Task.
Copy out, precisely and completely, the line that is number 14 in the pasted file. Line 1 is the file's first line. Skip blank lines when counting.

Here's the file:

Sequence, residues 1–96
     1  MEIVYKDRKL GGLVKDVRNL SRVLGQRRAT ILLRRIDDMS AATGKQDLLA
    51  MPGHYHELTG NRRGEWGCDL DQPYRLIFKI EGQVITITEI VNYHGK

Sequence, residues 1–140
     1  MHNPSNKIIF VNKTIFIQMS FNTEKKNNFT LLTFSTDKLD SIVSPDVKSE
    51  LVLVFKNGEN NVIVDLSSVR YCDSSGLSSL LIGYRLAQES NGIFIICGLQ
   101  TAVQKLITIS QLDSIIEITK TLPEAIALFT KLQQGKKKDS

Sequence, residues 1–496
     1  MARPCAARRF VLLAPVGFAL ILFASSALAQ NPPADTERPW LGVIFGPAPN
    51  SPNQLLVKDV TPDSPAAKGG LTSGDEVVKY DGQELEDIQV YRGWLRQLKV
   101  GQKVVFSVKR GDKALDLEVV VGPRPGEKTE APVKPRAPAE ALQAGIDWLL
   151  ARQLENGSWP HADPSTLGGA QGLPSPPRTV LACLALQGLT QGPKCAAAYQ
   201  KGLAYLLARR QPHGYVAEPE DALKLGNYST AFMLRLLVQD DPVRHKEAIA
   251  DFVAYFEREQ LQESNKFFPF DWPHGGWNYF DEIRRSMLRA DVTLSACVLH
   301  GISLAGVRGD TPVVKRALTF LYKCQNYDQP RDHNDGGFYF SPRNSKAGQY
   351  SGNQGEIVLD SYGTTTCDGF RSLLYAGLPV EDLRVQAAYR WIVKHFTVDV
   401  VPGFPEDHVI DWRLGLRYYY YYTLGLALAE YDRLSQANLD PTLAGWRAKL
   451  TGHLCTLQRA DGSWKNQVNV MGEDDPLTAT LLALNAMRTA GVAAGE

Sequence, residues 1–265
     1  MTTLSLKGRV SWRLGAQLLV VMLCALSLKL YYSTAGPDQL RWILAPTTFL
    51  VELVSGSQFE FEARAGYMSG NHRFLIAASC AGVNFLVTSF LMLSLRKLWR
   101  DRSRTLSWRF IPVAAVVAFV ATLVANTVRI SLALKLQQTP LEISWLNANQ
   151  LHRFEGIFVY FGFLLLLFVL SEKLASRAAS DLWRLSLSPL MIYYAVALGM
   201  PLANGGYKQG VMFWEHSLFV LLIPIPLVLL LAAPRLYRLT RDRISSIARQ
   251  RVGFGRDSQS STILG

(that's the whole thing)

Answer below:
   251  DFVAYFEREQ LQESNKFFPF DWPHGGWNYF DEIRRSMLRA DVTLSACVLH